We have a JSP page that contains order information of a user. By cliking the submit button on the page, we create appropriate records in the database and forward the user to a another page. The problem I have is after forwarding the user to another page, he can use the browser BACK to get back to order page and submit the page again. This is causing duplicate orders to be created. Is there good way to prevent the browser BACK or REFRESH from reposting the same data again. Another situation could be a page that processed a credit card transaction. If the user keeps using the REFRESH or BACK, how can we prevent the transaction to be submitted several times. Any help would be appreciated. Thanks in advance. email@example.com
I would suggest that you maintain the state in which the user transaction is as Session information. Then you can check if the action is allowed to occur in the current State of the users transaction. greetings Sander
I'm a strong believer in building these fundamental constraints as deep into the model as you can. Not just setting a flag or two, but making it part and parcel of the way your software operates. In fact this often happens almost automatically if your design is solid. To prepare an order, I guess there is something like a shopping cart, probably maintained as session state. This cart object should be removed from the session as soon as the order is committed. If you do this, there is no way a duplicate order can ever be generated no matter what happens. Should you be persisting your cart in a database (for example to facilitate fail-over), you can impose a database-level constraint so that no more than a single order can be generated for a given cart ID. For example, include the cart ID in the order table and impose a uniqueness constraint on it. - Peter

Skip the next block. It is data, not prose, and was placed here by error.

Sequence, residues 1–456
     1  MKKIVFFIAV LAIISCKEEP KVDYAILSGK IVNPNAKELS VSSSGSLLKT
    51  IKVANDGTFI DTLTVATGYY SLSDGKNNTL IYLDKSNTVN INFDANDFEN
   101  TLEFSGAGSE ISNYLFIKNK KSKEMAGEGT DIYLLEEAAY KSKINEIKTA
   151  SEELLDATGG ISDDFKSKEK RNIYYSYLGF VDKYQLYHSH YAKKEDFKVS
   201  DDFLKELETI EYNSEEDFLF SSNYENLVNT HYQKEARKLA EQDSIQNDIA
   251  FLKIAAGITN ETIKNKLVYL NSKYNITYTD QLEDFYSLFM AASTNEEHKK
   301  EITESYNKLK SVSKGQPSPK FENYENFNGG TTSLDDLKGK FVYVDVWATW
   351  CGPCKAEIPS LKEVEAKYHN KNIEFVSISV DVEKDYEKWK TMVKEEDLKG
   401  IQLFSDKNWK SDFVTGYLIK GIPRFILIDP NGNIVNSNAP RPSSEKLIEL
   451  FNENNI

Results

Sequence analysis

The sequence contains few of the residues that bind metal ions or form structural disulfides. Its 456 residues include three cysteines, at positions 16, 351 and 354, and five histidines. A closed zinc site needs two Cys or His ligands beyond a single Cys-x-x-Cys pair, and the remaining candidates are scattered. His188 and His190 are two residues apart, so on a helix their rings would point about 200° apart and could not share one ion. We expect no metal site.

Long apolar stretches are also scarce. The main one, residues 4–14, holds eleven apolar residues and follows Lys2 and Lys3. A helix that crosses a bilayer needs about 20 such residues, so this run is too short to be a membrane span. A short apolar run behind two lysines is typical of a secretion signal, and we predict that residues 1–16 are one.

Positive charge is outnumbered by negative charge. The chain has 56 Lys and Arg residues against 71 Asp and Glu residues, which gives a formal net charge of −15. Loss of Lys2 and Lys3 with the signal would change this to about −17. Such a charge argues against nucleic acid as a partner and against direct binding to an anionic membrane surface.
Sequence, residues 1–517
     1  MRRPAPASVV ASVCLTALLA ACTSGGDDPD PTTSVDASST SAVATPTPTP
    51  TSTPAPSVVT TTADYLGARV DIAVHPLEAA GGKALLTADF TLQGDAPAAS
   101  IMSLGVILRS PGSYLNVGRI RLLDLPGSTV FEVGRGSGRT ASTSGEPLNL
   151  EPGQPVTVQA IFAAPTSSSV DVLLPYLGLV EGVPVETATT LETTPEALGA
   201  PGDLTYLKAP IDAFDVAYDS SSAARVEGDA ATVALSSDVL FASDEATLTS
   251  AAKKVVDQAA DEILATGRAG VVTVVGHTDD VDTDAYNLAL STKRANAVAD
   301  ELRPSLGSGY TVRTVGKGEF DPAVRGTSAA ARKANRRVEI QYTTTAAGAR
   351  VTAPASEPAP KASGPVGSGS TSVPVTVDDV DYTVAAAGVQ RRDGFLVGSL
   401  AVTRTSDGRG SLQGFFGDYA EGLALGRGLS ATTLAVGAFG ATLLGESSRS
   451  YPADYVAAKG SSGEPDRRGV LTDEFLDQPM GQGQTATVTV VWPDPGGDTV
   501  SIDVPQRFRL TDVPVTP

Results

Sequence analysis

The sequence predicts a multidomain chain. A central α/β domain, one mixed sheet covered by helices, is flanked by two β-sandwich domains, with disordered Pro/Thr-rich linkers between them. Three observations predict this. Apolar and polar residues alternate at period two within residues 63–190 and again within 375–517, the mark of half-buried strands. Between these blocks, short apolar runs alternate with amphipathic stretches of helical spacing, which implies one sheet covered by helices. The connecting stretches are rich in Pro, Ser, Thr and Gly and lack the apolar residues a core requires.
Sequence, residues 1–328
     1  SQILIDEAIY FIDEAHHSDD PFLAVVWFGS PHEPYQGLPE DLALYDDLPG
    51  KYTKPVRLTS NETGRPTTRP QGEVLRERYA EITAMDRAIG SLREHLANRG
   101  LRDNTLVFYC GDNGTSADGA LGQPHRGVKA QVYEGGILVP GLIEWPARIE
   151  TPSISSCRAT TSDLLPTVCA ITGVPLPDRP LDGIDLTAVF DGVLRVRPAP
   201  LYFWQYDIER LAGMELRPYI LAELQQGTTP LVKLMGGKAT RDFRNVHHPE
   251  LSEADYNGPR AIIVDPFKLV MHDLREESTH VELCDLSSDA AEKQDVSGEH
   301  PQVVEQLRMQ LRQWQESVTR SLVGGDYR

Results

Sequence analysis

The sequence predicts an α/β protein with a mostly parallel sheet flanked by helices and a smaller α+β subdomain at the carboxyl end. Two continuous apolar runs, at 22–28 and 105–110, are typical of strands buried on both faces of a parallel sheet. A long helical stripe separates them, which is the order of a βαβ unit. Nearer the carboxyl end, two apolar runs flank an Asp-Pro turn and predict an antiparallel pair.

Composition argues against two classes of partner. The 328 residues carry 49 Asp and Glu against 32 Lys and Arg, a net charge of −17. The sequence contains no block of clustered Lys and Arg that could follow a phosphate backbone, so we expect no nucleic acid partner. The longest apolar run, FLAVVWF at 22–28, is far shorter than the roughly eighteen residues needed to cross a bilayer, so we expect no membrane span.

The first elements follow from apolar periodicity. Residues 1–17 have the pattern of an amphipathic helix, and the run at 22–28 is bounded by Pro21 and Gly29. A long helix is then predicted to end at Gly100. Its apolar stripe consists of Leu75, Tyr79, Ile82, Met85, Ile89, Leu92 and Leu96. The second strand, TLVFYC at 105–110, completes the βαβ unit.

[This message has been edited by Peter den Haan (edited March 08, 2001).]
Trying to protect your application bylimiting the visbility of buttons is virtually pointless. It's so easy for any user to get around: You still get a menu of operations (on a right-click, for example), even with no buttons, so you can save the page, bookmark it, and probably go back and refresh the page from this menu too. There is also no guarantee that any particular browser will actually honour your request to remove facilities from the user in this way. Take Peter's advice (it's always worth listening to) and build an understanding of the order process into your model. Then you can use any client, and allow the user to do anything they want with no nasty side effects.
Take a look at these - I don't know how browser-compatable they are though do seem to work in IE. response.setHeader("Pragma","No-cache"); response.setHeader("Cache-Control", "no-cache"); <head> <meta http-equiv="pragma" content="no-cache"> <meta http-equiv="expires" content="0"> Of course theres no substitute for putting it in your application logic where it belongs. Remember that someone can always hack your app with a script or program so a browser should only be used for presentation. Validation logic should not be in a browser or at least NOT be the only form of validation. And a browser should not be relied upon as "piece of logic" for the app. It maybe OK for an internal intranet app to do use the browser for validation, but not when exposed to the outside world. Cynthia - the fact that the shopping cart reads from the HTML parms to get its price is pretty scary.
[This message has been edited by Geoff Tate (edited March 08, 2001).]
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